The New Parlor Letter Writer: Containing a Variety of Letters. Selected from Judicious and Eminent Writers (Google eBook)

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1856
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Contents


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Page 112 - ... least, turn our eyes upon the gardens of pleasure. We approach them with scruple and hesitation ; we enter them, but enter timorous...
Page 109 - Wherefore is light given to him that is in misery, and life unto the bitter in soul; Which long for death, but it cometh not; and dig for it more than for hid treasures; Which rejoice exceedingly, and are glad, when they can find the grave?
Page 58 - ... promises, kindly stepped in, and carried him away, to where the wicked cease from troubling, and where the weary are at rest ! It is during the time that we lived on this farm, that my little story is most eventful.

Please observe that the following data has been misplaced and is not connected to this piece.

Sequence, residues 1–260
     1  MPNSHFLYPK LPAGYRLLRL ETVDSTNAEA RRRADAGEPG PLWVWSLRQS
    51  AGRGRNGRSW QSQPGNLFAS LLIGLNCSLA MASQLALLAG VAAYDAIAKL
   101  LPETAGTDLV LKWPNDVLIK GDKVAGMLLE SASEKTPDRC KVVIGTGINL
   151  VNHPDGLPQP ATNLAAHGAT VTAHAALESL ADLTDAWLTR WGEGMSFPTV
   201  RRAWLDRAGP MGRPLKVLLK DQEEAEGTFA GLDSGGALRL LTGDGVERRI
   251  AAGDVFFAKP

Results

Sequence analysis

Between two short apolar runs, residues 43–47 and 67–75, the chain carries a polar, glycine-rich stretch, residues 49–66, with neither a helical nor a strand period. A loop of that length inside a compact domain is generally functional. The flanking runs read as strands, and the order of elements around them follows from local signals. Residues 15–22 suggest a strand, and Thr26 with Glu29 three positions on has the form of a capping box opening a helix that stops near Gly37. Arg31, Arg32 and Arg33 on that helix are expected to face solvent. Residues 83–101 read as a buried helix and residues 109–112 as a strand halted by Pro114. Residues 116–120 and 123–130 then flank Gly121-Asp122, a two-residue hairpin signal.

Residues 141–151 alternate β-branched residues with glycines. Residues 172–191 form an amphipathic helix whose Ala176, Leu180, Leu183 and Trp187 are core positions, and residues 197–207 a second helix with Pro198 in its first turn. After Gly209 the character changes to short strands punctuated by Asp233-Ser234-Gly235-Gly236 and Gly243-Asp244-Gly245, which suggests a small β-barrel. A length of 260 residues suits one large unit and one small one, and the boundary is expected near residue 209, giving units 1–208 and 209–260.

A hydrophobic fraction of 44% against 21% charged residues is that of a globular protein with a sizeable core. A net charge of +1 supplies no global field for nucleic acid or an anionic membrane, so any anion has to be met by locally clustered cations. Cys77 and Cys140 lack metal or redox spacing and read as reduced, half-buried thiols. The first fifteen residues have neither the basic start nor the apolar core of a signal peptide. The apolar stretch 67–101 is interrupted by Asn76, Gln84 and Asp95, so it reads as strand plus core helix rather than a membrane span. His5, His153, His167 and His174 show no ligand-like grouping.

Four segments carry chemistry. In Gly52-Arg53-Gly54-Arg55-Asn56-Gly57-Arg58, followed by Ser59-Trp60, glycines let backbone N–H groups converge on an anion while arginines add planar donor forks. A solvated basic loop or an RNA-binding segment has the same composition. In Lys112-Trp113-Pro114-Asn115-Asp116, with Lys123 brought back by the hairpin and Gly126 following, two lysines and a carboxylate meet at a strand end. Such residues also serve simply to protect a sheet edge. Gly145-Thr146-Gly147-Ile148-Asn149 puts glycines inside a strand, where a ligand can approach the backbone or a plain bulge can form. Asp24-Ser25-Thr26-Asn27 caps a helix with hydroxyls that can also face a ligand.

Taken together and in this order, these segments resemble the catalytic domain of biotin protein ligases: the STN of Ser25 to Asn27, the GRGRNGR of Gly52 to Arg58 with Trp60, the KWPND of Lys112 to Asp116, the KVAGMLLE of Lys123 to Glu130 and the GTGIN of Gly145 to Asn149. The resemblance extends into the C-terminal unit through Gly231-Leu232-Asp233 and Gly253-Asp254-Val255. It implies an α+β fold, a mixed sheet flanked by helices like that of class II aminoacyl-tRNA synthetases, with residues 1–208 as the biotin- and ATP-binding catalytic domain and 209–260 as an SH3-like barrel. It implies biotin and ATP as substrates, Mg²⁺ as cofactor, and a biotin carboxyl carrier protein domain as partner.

Page 112 - Here the heart softens, and vigilance subsides; we are then willing to inquire whether another advance cannot be made, and whether we may not, at least, turn our eyes upon the gardens of pleasure; we approach them with scruple...
Page 112 - We then relax our vigour, and resolve no longer to be terrified with crimes at a distance, but rely upon our own constancy, and venture to approach what we resolve never to touch.
Page 113 - Happy are they, my son, who shall learn from thy example not to despair, but shall remember, that though the day is past, and their strength is wasted, there yet remains one...
Page 137 - Massachusetts, yeoman, the receipt whereof I do hereby acknowledge, do hereby give, grant, sell and convey to the said...
Page 115 - I may call upon you, at my hearing, to say somewhat about my way of spending my time at the Deanery, which did not seem calculated towards managing plots and conspiracies. But of that I shall consider. You and I have spent many hours together upon much pleasanter subjects; and that I may preserve the old custom, I shall not part with you now till I have closed this letter with three lines of Milton, which you will, I know, readily, and not without some degree of concern, apply to your ever affectionate,...
Page 83 - There is a case where a woman may coquette justifiably to the utmost verge which her conscience will allow. It is where a gentleman purposely declines to make his addresses, till such time as he thinks himself perfectly sure of her consent.
Page 137 - Graffam his Heirs and Assigns forever, against the lawful Claims and Demands of all Persons.

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